The 369th forum: An STM view on correlated electron systems: from heavy fermion metals to topological Kondo insulators
Max Planck Institute for Chemical Physics of Solids
Dr. Steffen Wirth received his Ph.D. degree in Physics at Technical University Dresden, Germany in 1995. Then he did his postdoctoral research at Trinity College during 1995-1996 and Florida State University during 1996-2000, when he received the Feodor Lynen fellowship from the Humboldt-foundation. In 2010, he became a scientific staff member at Max Planck Institute (MPI) for Chemical Physics of Solids, Dresden. He worked as a visiting professor at the University Gottingen in 2009-2010. In 2010, he became an associate professor and research group leader at MPI for Chemical Physics of Solids. He was elected to be a fellow of American Physical Society in 2017.
Dr. Wirth is an expert in scanning tunneling microscopy, magnetization and electronic transport measurements at low temperatures and high magnetic fields. His research interest covers a broad range of topics in condensed matter physics, including magnetic materials, strongly correlated electron systems including heavy fermion metals, quantum criticality, superconductivity, electronic transport properties, Kondo insulators, topological materials, manganites, chalcogenides and magnetic nanoparticles.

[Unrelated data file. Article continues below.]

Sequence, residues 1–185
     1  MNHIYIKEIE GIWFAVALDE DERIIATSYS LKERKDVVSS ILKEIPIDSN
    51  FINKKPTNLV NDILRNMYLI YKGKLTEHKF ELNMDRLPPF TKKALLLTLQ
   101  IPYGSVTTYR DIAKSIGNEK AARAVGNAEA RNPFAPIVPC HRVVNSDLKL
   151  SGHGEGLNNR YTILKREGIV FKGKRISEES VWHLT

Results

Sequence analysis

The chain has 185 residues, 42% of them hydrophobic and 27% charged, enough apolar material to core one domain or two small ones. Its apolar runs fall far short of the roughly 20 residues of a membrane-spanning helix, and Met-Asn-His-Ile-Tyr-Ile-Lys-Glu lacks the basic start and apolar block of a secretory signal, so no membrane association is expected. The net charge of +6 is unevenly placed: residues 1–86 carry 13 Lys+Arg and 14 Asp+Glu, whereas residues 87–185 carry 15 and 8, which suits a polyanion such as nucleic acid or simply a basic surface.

Electronic correlations give rise to a plethora of interesting phenomena and phases. For example, hybridization between 4f and conduction electrons in heavy fermion metals may result in the generation of low-energy scales that can induce quantum criticality and unconventional superconductivity . One of the most important techniques that helped shaping our understanding of nonlocal correlations, both magnetic and superconducting, has been scanning tunneling spectroscopy (STS) with its unique ability to give local, microscopic information that directly relates to the one-particle Green's function. We combine STS with bulk measurements to obtain complementary information on different length scales. We compare hybridization effects as observed by STS, focusing on the model heavy fermion metal YbRh2Si2 and the intermediate-valence Kondo insulator SmB6. Investigation of high-quality single crystals of YbRh2Si2 allows to study the evolution the single-ion Kondo effect and lattice Kondo coherence upon lowering temperature . We also show how Kondo coherence connects with quantum criticality . Low-temperature in-situ cleaving of SmB6 single crystals mostly resulted in reconstructed surfaces, while non-reconstructed patches were found less frequently. The different surface terminations give rise to marked differences in the STS results ; in our analysis, however, we concentrate on STS of non-reconstructed areas. These spectra confirm the hybridization picture typically considered for this material . At the surface, the Kondo effect is suppressed to lower temperatures as compared to the bulk material . We show the development of the surface states at low temperatures and how it is locally suppressed around magnetic impurities . The latter is consistent with a topological nature of these surface states.
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